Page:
What No One Tells You About Training In The Winter

By Ritanne Duszak

It’s cold, it’s dark, your bed is warm and cozy, and your alarm is blaring. You could just hit snooze and get an hour more of sleep. But don’t do it! Winter training is definitely worth the sacrifice.

Instead of starting your April training from scratch, you can maintain an important fitness base over the winter and set up your best year possible.  Let’s be honest, we don’t mind other people admiring our grit and determination regardless of the weather.  But winter workouts are mostly about what they do for you, leveraging off-season consistency to push your performance to the next level.

Here are a few tips to help you make it through the special challenges of winter:

1. Don’t do it alone.

Sign up for a group run or exercise class: It’s easier for most of us to work out when we know that other folks will be suffering with us. I always convince myself that if someone else is tough enough to get out there, I am too. Commit to group runs or find a yoga or cycling class that you like. It’s always easier to get out the door when you know you won’t be alone.

Recruit a buddy: If organized classes aren’t your thing, find a friend who will meet you at o’dark o'clock. Even if the friend isn’t exactly your pace, running a little bit slower or faster is much better than not running at all. Sometimes, just the idea of a buddy is enough to get you going, even if the buddy can’t always do the workout. For example, I have a deal with my swimming buddy that we never bail on each other until the actual time we are supposed to meet, so that whichever one of us shows up poolside can’t talk herself out of the workout.

2. Dress for success.

Use the right kind of gear: Winter gear doesn’t have to be fancy or expensive, but it is really important. Get a pair of tights, a warm jacket, a hat and some gloves. Technical fabrics work great, and zippered jackets allow air flow as you heat up. Beyond that, you can usually just layer your warm-weather clothes. Which leads to the next point…

Use the right amount of gear: Don’t overdress. You want to be a little chilly at the start because you will warm up fast. Dress for 15 degrees warmer than it is, and you should be set. It won’t take many experiments to figure out what works for you, but here are a few rules of thumb to get started.  I tend to wear gloves for anything under 45, especially if windy, and a hat under 40, so you’d want to wear them with any of the following clothing combinations.

  • 30 degrees: 2 tops, 1 bottom. I tend to wear a short-sleeved top, a jacket, and tights. This is also when I start to run in socks. (Don’t judge!! I’m a triathlete without a washer and dryer, who’s trying to save laundry and toughen up my feet. Most people should always run in socks.)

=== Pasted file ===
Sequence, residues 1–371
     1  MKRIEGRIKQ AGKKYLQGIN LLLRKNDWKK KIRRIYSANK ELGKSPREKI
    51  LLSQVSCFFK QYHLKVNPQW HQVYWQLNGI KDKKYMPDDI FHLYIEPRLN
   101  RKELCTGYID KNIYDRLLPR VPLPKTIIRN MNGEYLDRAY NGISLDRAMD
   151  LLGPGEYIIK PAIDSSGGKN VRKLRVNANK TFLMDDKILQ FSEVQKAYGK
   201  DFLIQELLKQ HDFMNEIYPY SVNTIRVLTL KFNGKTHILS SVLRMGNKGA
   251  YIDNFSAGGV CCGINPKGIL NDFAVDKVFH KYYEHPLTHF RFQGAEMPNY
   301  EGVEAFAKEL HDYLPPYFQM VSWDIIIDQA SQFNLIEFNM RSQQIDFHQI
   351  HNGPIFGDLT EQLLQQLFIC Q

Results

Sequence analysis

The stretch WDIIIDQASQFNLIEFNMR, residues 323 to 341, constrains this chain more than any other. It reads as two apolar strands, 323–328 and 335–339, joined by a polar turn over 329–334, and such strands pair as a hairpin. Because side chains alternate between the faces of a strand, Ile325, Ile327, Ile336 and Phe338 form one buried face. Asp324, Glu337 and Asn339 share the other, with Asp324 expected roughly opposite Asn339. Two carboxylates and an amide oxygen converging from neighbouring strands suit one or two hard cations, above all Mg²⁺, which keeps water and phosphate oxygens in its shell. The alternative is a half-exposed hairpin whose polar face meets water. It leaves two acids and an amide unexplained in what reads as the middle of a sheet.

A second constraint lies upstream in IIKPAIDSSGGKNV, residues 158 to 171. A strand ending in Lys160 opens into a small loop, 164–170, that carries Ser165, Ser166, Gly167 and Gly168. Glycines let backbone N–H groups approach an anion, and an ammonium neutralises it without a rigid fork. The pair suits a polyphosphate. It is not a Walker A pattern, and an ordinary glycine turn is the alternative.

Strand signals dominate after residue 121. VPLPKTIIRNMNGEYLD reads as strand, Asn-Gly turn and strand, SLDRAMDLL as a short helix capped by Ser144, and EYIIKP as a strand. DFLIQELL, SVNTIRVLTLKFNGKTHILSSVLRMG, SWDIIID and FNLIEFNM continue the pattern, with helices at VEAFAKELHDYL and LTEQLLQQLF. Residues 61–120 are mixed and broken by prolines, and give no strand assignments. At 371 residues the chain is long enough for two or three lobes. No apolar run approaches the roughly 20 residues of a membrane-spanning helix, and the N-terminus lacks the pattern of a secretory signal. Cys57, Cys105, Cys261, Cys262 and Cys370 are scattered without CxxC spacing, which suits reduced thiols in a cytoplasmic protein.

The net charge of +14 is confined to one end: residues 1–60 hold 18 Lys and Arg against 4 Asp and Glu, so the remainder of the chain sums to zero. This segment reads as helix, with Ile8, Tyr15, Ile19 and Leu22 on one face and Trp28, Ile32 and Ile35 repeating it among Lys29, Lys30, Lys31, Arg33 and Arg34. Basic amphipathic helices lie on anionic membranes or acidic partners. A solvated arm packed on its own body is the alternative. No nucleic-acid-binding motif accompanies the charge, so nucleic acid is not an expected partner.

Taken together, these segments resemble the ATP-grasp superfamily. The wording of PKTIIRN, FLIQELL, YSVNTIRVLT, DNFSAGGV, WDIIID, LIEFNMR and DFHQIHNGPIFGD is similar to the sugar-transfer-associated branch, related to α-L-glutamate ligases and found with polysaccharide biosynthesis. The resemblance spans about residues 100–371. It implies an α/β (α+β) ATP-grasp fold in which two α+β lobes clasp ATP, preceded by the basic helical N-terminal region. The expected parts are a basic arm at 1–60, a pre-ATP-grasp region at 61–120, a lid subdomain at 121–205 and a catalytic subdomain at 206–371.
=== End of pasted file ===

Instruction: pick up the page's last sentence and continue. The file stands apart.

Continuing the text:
• 20 degrees: 2 long-sleeved tops, 1 bottom. Preferably at least one top that is wind resistant, and tights. And socks of course!
  • 10 degrees: at least 2 long-sleeved tops, and 2 bottoms. One top must be wind resistant, one short-sleeved top is okay if you wear three, and two pairs of warm tights.
  • Below 10 degrees: my running buddy insists that under 10 degrees we have to run indoors, so you are on your own for this one! 

Runner’s World also has a handy tool which can help you figure out what to wear: http://www.runnersworld.com/what-to-wear

3. Outrace the winter blues. 

Think local: Racing in cold weather is not as fun for most of us, me included, but it can help keep you motivated. I tend to prefer events that have a warm place to huddle up before the race, like Ambler’s Frostbite 5 Miler, which lets runners wait in the local high school. One mile into the suffering of that race, and you’ll quickly forget how cold it is!

Destination races are nice: If traveling is an option, it can give you something to look forward to, and also a nice excuse to get away. I have traveled to Florida, California, and Phoenix for races in January, and I have never regretted it. It’s like a preview of the summer months that sometimes feel so far away.

Spring Forward!: It’s never too early to start penciling in races for March or April, whether local or otherwise. On really tough mornings, that can be a good time to visualize the long-term success that your off-season work will make possible.  Sometimes when the “pain” of training seems hardest, it’s important to remember the “gain” that you’ll feel at when you toe the line at that first springtime race.

4. Hydration is still important.

As the sweat pours off your brow and soaks your shoes in the dog days of summer, it’s clear that you need to hit a water fountain on your run down Kelly Drive. Dehydration still can happen in the cold and the water fountains along Kelly Drive are wrapped up tight for the winter, so consider carrying fluids or making a plan to stop.

No one can tell you that training through the winter is easy, but it can be fun. And it will certainly make you appreciate the nicer weather when it returns in the spring. Do keep in mind that your safety is paramount, so staying indoors in extreme cold or icy weather may be advised. But, on other winter days, get yourself out the door by whatever means necessary. You won’t regret it, and you’ll be fitter and faster next year because of it.

Ritanne Duszak is a USATF and USAT certified running and triathlon coach who loves working with beginner and advanced runners. When she isn't running herself or coaching, she is working on her M.S. degree in Human Nutrition from Drexel University. You can follow her on Twitter @ritanneo or reach out to her via email at ritanne@breakawaybikes.com.

Do you have winter training tips? Share them in the comments below.